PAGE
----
For a lifetime of reading pleasure and astonishment, pick up a copy of Finnegans Wake. A story by James Joyce that has no real beginning or end (it ends in the middle of a sentence and begins in the middle of the same sentence), Finnegans Wake, this "book of Doublends Jined," is as remarkable for its prose as for its circular structure. Written in a fantastic dream-language, forged from polyglot puns, complex symbolism, puns, and the use of portmanteau words, the Wake features some of Joyce's most hilarious and fascinating characters: the Irish barkeep Humphrey Chimpden Earwicker (HCE), Shem the Penman, Shaun the Postman, and Anna Livia Plurabelle (ALP).
Having done the longest day in literature with his monumental Ulysses (1922), James Joyce set himself an even greater challenge for his next book—the night. "A nocturnal state. . . . That is what I want to convey: what goes on in a dream, during a dream."
The work, which would exhaust two decades of his life and the odd resources of some sixty languages, culminated with the 1939 publication of Joyce's final and most revolutionary work, Finnegans Wake.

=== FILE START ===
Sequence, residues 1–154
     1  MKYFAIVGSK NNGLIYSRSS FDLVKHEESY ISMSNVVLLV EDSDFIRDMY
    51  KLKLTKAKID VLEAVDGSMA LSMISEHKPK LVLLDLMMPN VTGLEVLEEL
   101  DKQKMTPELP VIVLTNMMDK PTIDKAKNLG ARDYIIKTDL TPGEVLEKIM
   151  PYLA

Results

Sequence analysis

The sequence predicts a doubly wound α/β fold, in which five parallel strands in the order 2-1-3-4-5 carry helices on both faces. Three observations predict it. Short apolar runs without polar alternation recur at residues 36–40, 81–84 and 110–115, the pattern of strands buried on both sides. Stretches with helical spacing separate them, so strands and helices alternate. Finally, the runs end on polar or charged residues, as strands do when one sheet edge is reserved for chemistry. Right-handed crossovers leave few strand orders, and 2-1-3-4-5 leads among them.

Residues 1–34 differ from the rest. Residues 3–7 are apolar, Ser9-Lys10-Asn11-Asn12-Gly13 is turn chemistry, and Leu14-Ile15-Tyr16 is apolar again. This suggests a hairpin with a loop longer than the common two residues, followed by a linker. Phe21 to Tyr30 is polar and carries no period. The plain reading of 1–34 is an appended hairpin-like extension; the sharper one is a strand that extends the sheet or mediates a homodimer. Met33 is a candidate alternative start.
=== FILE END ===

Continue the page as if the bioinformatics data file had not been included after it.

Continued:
Sixty-five years after its publication, it remains, in Anthony Burgess's words, "a great comic vision, one of the few books of the world that can make us laugh aloud on nearly every page."
Joyce's masterpiece.... If aesthetic merit were ever again to center the canon Finnegans Wake would be as close as our chaos could come to the heights of Shakespeare and Dante." —Harold Bloom, in The Western Canon
In the words of Anthony Burgess: "The age between the wars comes to an end with Joyce's Finnegans Wake, in which the author's interest in the deeper regions of the human mind leads him to the kingdom of sleep. The book is a dream of world history and it is couched in a new language, a comic mixture of all the tongues of Europe. Fictional experimentation could not well go further. To many readers Finnegans Wake mirrored the European chaos to come, but others saw a secret blueprint for rebuilding a civilization that was on the brink of destroying itself. (Anthony Burgess, from One Man's Chorus)
NOTE: the above was paraphrased, in part, from the publisher's notes.